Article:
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NFL Week 2: Defense Rules
by Al McMordie - 09/20/2005
The first full week of the NFL season saw 10 games â€œunderâ€쳌 the total and 5 â€œover.â€쳌 This Sunday, what did we see? The â€œundersâ€쳌 ruled again by a 9-3-1 count, including my NFL Total of the Month on Buffalo/Tampa Bay "under". That makes the unders 19-8-1 starting the season. Defense has certainly been a major story thus far in the NFL season. The Colts and Rams have improved, at least as far as points allowed, and the Steelers, Patriots, Bears, Bucs, Bills, Falcons and Eagles appear just as strong defensively as a season ago. Here are some notes about the first two weeks of the NFL campaign.
A big surprise has been the Tampa Bay running game. This was a team that hasnâ€™t been successful at running the football for a long time. Even when they won the Super Bowl three years ago, the one weakness was that it was all QB Brad Johnson, with no help from the ground attack. With a weak offensive line, the Bucs werenâ€™t expected to be much improved this season, especially after having so much shuffling going on with the offensive line in preseason. However, rookie Cadillac Williams has shown to be a valuable weapon. The Bucs are 2-0 SU/ATS and Williams has rushed for over 100 yards in each of those games. Most impressive was Sunday, as he had 128 yards against a terrific Buffalo defense. Having a ground game takes the pressure off QB Brian Griese, a guy who hasnâ€™t always handled pressure well in the past, so the emergence of RB Williams is paying many dividends.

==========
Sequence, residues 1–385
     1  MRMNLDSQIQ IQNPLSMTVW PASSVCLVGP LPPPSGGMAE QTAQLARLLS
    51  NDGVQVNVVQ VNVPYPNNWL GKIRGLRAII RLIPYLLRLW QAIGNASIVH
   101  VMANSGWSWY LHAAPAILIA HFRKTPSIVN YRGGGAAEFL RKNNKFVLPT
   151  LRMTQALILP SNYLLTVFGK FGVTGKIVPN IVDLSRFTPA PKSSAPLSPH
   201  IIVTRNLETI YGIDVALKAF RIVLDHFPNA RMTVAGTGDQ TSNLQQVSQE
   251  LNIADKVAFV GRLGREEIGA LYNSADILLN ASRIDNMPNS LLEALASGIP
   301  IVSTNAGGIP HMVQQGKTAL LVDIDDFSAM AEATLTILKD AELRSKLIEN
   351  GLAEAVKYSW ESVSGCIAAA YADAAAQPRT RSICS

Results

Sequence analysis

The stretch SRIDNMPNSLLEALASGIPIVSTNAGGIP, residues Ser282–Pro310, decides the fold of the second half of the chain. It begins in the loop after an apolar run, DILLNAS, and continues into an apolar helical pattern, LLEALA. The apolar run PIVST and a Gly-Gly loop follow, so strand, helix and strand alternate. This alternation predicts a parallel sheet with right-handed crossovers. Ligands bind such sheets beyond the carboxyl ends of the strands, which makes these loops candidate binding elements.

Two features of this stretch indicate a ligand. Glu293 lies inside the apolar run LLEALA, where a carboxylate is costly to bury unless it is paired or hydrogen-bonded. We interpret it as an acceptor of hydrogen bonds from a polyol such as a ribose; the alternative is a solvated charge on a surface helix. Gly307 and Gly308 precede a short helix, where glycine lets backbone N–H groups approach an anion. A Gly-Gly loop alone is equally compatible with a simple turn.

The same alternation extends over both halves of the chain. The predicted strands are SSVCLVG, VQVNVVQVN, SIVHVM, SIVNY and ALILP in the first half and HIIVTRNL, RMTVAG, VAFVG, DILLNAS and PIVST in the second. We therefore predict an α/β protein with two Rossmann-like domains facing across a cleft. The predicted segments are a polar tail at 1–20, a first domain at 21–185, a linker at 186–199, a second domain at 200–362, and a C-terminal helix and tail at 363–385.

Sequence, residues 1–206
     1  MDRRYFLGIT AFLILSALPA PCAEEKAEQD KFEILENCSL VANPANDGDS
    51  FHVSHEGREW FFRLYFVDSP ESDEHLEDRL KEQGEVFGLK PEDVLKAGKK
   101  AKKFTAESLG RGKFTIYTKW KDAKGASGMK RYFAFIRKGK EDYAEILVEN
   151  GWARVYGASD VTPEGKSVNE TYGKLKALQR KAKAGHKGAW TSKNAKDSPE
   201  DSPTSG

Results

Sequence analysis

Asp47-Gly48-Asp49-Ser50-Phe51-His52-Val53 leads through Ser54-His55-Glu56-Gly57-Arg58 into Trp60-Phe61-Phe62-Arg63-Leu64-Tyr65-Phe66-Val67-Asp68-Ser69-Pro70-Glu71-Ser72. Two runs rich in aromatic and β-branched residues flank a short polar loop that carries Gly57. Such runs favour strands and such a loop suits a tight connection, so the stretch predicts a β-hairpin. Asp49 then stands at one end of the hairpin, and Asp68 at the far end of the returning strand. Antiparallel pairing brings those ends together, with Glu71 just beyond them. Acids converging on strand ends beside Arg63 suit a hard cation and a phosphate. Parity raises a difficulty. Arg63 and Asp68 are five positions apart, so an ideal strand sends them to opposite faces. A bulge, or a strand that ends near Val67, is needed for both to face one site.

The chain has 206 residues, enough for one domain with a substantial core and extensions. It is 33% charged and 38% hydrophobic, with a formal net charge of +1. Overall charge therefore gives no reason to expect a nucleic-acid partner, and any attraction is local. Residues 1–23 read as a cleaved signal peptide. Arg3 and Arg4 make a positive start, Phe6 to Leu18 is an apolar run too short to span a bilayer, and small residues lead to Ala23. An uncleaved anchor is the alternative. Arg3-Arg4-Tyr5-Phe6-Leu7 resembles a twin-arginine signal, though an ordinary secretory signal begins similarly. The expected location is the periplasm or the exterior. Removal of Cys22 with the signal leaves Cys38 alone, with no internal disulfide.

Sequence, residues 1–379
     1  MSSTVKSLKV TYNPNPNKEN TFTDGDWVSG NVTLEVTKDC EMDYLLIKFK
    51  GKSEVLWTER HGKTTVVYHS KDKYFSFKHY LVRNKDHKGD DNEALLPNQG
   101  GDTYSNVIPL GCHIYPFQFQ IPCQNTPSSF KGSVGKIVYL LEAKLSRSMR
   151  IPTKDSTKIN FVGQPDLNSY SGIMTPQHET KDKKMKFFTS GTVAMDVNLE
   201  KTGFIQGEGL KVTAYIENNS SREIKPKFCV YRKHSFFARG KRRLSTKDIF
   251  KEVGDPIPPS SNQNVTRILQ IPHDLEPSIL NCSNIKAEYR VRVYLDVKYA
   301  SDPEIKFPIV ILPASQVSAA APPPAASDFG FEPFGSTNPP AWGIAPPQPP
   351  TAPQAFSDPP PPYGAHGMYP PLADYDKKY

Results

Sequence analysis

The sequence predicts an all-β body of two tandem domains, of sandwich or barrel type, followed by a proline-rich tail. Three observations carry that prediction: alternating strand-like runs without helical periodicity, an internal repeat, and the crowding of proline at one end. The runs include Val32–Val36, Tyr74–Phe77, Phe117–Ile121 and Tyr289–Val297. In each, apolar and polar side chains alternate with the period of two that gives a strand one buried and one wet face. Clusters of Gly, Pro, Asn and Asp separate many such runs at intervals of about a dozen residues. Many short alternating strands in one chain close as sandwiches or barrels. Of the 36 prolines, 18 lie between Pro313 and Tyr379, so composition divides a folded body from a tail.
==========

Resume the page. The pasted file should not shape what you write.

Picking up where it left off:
And speaking of running games supporting the offense, the Bears surprised Sunday by dominating the Lions, 38-6. Thomas Jones had 139 yards, a whopping 7 yards per carry! Like Tampa Bay, having a good ground attack takes the pressure off Chicago rookie QB Kyle Orton. In addition, donâ€™t forget the Bears have a new offensive coordinator in Ron Turner. He has promised an aggressive attack throwing the ball down the field more. They only had 149 passing yards Sunday and didnâ€™t move the ball at all in the opener against the Redskins, but sometimes teams need time to get going when a new offensive coordinator takes over. Watch the Bears offense carefully over the next month. Is this a balanced attack that is going to get better? Or was Sundayâ€™s blowout of Detroit an aberration?
In the category of â€œWhy Me?â€쳌 there is San Diego coach Marty Schottenheimer. Going back to the final game of last season, has a coach ever suffered through three more consecutive frustrating games? Schottenheimer did a terrible job of play calling in the Chargers stunning playoff loss at home to the Jets, moving the ball easily down the field in overtime, mixing it up, then inexplicably running the ball into the line to settle for a long field goal attempt (with a rookie kicker in miserable weather conditions). The kick missed and the Jets later won the game. Then in the opener last week, San Diego lost at home blowing a fourth quarter lead to the Cowboys. A late drive stalled near the goal line. Then Sunday, the Chargers blew a 14-3 halftime lead at Denver only to lose on a last second field goal. They lose with Antonio Gates, they lose without him. They canâ€™t stop the Jets and Broncos on last second drives, but they canâ€™t punch the ball into the end zone on their late drive.
Finally, looks can be deceiving. The Miami Dolphins pulled out all kinds of trick plays in the opener, a smashing 34-10 win over Denver in Nick Sabanâ€™s first game. They rolled up plenty of yardage without much offensive talent. However, you canâ€™t put in trick plays like that every week, and itâ€™s clear Miami came back to earth Sunday getting 235 total yards in a 17-7 loss to the Jets. That is more likely the Miami offense you will see this season, far more so than the 426 yards they put up in the opener.